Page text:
A bit about who I am:
I’m Fotini from Greece. I live in a small island in the Ionian sea, called Lefkas. A small dot in the map, but a heavenly beautiful place . As you can see in the picture bellow. It’s a place that gets packed with tourists in the summer. That’s when everyone gets busy (including me). For those few summer months, I run the kitchen at our family ‘Taverna’.
For those of you that have never heard the word before, it means a traditional Greek restaurant that serves mostly traditional dishes.I’m actually a chef, with a French school degree (don’t ask why).
I opened this Greek food blog, to share with you all the classic Greek recipes and how to cook Greek food . Even though I would prefer to cook for you as I usually do (we agree it’s not possible). So instead I’m going to cook with you ( I really do hope so). And also hope that you will have the same fun as I have, creating this blog.
A FEW GOOD REASONS WHY YOU SHOULD TRY COOKING GREEK FOOD
Greek kitchen recipes, use olive oil instead of other animal fats like butter, or other vegetable oils. And they use it a lot. I mean like tons of it. Why? In Greece we like to do ‘’papara’’ (dip pieces of bread in the oil). A funny word, a very tasty thing.
You know like the French do with fondue, only in a bit messier way. And surely that’s not the reason why we add so much. (I just mentioned it to make you try it) .Plus it would be boring to mention olive oils health benefits once more.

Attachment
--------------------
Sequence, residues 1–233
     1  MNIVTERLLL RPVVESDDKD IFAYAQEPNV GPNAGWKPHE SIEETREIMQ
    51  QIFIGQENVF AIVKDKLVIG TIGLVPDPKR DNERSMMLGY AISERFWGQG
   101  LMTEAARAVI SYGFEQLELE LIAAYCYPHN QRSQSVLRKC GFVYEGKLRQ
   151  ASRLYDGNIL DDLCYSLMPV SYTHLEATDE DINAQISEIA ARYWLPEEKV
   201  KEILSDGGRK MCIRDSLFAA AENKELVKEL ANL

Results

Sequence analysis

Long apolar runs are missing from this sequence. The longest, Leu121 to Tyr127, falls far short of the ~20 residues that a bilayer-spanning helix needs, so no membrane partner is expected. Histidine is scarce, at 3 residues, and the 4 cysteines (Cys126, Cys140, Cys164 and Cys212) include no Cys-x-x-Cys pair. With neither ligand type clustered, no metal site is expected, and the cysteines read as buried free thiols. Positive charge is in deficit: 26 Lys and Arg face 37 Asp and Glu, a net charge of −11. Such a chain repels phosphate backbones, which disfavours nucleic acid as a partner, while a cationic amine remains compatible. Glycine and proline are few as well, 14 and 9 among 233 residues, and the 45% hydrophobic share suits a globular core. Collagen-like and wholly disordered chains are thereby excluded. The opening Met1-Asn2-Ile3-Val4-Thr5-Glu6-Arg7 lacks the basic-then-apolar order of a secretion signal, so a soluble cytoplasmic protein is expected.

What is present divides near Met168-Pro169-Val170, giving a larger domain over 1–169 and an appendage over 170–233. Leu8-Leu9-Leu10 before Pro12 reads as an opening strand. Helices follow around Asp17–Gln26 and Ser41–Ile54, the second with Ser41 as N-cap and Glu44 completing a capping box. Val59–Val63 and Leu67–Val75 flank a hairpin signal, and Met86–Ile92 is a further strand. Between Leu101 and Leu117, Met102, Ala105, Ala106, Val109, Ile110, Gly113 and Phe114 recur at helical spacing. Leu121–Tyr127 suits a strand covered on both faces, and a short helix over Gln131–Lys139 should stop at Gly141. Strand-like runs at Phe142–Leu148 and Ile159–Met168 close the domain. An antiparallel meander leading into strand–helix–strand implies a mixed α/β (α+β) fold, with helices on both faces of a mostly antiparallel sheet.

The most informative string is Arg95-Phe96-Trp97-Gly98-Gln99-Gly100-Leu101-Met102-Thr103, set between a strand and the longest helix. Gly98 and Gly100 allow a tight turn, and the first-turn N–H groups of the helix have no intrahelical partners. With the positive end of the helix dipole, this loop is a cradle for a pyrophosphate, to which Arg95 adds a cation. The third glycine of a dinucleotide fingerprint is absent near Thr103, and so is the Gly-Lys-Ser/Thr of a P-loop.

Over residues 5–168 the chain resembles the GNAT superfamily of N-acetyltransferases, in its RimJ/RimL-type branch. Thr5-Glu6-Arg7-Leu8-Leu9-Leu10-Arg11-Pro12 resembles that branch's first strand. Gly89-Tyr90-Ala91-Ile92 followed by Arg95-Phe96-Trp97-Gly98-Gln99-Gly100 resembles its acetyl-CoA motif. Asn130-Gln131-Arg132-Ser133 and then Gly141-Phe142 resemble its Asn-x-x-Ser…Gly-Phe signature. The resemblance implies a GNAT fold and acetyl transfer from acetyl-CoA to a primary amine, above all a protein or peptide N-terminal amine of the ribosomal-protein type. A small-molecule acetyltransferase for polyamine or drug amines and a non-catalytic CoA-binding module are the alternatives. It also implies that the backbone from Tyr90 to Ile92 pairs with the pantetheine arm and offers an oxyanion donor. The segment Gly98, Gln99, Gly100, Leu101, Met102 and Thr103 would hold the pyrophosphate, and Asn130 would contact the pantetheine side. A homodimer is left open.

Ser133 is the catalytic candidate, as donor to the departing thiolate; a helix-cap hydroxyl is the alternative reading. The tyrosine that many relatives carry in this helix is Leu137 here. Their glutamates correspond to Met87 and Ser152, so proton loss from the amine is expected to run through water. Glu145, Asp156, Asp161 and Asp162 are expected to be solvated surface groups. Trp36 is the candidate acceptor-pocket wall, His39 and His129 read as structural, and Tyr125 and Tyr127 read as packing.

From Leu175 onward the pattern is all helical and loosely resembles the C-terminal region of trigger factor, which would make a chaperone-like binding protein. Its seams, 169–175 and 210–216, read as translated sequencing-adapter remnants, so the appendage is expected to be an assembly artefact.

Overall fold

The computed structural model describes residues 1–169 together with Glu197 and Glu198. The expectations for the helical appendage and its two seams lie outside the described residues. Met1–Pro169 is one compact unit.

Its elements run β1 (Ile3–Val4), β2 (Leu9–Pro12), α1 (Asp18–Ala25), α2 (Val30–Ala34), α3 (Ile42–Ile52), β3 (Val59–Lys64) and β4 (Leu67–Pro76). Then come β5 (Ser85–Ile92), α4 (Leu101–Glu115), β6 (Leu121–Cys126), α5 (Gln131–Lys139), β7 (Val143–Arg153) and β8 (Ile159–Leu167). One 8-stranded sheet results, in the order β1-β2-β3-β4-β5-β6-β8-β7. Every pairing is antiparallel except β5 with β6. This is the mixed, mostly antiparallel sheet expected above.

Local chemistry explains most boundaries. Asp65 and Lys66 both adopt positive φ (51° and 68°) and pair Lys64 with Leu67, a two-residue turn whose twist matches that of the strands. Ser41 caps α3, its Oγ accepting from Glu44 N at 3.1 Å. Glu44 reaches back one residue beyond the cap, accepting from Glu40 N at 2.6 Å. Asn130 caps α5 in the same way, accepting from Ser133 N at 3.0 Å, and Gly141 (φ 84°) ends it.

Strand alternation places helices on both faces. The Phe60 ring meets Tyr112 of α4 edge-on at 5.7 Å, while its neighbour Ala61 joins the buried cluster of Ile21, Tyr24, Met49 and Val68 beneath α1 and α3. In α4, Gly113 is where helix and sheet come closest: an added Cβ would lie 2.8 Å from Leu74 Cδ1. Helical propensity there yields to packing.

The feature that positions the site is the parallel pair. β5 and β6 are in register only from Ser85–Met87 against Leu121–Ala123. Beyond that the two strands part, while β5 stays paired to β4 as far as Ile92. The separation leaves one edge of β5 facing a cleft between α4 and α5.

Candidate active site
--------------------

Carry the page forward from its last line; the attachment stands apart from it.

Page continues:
We strongly believe and especially the older ladies here in Greece, that it’s the number one ingredient in every recipe that gives the food REAL flavor. Which is partly true I may say.
Oh and it also makes a nice thick stew, to vegetable dishes and to Greek soup recipes perfect for doing…… papara of course!
I know it may be a bit expensive, but if you are going to buy olive oil try and find some of good quality. Otherwise it won’t really worth the money you spend. The better the quality, the greener in color it will be. Also it should look slightly thicker than other vegetable oils.
In Greece we still cook with fresh products and pretty much unprocessed ones. This I think plays an important role on cooking a healthy meal. I’m very lucky to come from a family that produces it’s own milk, meat, poultry, eggs and vegetables (it’s still something pretty common in Greek villages).
I mentioned this because I have the chance to really see the difference between a bought egg for example, and one from the farm. Other than shape they have nothing else in common.
In addition, the tomato peppers and other fruit and vegetables that you find in a big super market to me they look like they’re made of some nice shiny plastic (really look at them). I wouldn’t even want to think, of how many chemical sprays they went through to leave them completely untouched by nature. Do you?
So if you really want to eat healthy, next time you go shopping try something more local. Check your neighbors small butcher shop or grocery. (Avoid mass production food companies) You may also want to start buying the tomato which has a small black spot on her. In the end it may taste better than the prettier one.